Dying to Self
Christianity without discipleship is always Christianity without Christ. Those are the words of Dietrich Bonhoeffer, as a true disciple will put their hand to the plow and not look back (Luke 9:62), and as they will grow in Christ, and they will become increasingly unsatisfied with anything less than His call and character. This is a 24/7 call and not just for Sundays. We are the last ones on earth that we typically want to deny. We often don’t want to deny our flesh, our desires, or our passions, but we must give it all up for His sake if we really want to be a disciple of His. Today, if the rich young ruler came to our church, would we welcome him and ask him to sit on our church board or financial committee or be our treasurer, or would we ask him, what is most precious to you? Actually, Who is most precious to you? Here’s a view of those who would qualify to be one of Jesus’ disciples:They had no financial clout.
They had no formal theological training.
They were young.
They were middle class citizens, fishermen, and plain old country folks (Acts 4:13).
They were a diverse group.
They were not affluent.
They had no power in society.
They would have been unqualified to be a Pharisee.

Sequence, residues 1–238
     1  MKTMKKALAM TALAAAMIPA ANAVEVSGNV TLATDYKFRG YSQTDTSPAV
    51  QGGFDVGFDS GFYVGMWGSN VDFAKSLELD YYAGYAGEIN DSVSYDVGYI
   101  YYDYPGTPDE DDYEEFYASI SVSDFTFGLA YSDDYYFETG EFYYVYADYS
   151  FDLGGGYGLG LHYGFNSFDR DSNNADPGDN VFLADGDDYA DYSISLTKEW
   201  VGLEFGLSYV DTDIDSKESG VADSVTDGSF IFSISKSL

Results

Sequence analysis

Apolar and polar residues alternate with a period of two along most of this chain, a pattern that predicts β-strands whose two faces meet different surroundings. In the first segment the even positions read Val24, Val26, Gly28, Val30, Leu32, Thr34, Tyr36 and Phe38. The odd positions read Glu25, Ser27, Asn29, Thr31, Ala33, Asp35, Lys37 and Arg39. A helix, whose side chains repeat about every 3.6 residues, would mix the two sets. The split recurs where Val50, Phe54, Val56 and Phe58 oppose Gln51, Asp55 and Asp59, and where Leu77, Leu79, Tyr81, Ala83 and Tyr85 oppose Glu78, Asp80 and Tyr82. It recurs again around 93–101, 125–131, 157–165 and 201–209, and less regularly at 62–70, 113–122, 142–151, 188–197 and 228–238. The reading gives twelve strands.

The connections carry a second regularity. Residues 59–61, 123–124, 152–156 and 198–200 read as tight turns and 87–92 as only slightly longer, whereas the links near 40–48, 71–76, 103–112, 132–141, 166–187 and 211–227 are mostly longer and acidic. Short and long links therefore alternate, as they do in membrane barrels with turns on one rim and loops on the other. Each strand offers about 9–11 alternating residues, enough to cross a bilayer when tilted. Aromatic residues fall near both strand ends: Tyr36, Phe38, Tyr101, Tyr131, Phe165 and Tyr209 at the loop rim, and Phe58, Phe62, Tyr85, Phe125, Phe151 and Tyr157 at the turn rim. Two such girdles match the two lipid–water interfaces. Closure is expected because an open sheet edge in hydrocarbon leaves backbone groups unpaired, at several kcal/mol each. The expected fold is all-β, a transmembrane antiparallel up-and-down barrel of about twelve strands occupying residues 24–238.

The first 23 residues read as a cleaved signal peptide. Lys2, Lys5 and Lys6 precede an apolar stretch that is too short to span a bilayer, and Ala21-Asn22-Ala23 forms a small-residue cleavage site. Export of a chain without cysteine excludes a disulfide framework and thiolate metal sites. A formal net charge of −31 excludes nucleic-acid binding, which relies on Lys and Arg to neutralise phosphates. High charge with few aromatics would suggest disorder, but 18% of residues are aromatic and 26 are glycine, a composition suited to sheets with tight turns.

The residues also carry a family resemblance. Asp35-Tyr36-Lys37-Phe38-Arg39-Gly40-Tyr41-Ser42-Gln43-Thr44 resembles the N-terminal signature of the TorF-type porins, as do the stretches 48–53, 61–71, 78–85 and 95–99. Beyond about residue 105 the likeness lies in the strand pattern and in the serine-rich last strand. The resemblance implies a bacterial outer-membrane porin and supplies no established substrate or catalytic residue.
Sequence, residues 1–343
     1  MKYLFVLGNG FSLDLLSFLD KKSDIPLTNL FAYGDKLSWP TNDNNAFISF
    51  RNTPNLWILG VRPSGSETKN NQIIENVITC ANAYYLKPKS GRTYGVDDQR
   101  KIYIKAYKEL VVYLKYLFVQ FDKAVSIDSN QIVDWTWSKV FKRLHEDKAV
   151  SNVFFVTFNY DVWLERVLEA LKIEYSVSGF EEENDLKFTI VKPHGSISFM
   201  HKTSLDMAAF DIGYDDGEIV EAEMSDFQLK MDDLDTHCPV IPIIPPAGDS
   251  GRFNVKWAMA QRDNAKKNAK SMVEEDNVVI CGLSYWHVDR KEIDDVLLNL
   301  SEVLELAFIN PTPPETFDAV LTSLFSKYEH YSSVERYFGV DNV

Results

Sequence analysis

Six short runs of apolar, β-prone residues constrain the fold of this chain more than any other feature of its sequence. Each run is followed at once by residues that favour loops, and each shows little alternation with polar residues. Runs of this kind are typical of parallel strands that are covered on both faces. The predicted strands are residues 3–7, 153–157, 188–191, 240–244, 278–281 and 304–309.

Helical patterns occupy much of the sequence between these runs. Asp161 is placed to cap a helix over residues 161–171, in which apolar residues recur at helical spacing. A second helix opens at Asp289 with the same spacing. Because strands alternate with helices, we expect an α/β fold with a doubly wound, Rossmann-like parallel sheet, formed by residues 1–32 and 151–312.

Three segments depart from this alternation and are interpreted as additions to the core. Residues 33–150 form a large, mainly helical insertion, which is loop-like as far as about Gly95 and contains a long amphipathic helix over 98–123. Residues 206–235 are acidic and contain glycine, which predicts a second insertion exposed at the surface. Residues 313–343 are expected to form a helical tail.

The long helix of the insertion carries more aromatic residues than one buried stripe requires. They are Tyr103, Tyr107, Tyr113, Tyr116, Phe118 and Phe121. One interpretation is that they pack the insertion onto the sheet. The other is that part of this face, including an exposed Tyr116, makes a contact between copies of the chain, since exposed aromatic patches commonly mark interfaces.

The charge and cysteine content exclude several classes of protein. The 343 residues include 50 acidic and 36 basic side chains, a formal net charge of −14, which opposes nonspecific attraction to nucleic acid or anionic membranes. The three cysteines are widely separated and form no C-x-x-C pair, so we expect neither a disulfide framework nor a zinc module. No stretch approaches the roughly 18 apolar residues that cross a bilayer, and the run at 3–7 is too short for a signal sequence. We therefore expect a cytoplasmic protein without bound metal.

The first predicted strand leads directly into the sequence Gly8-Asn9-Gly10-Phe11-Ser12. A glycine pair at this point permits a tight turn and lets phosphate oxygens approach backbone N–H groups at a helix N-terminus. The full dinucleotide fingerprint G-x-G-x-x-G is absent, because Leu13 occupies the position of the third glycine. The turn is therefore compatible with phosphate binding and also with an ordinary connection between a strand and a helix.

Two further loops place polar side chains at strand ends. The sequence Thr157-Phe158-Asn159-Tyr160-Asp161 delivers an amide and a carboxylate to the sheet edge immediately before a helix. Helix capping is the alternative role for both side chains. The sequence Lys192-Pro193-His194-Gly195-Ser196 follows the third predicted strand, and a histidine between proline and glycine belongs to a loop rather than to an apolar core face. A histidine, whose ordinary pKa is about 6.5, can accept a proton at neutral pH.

Peter was brash. John was given to anger (calling fire down from heave!?), Thomas was full of doubt. Matthew was politically conservative, Simon was radical….and so on. Those who are looked down upon by society are often the ones Jesus calls. Are you qualified to be a disciple of Christ?
To be a disciple of Jesus is more than just making a decision. Jesus said, “If anyone comes to me and does not hate his own father and mother and wife and children and brothers and sisters, yes, and even his own life, he cannot be my disciple” (Luke 14:26), and “Whoever does not bear his own cross and come after me cannot be my disciple” (Luke 14:27). Of course, we’re not supposed to hate anyone, but Jesus is speaking in hyperbole or using an extreme example to emphasize His point. Who is first in their life? Is it seeking the kingdom of God first, which means seeking the King of that kingdom first (Matt 6:33)? How desperate are they to become more like Christ, even if it means to suffer for Christ? Those are questions a disciple of Christ would ask. Where is my cross that I might take it up and follow Christ?
Article by Jack Wellman
Jack Wellman is Pastor of the Mulvane Brethren Church in Mulvane Kansas. Jack is also the Senior Writer at What Christians Want To Know whose mission is to equip, encourage, and energize Christians and to address questions about the believer’s daily walk with God and the Bible. You can follow Jack on Google Plus or check out his book Teaching Children the Gospel available on Amazon.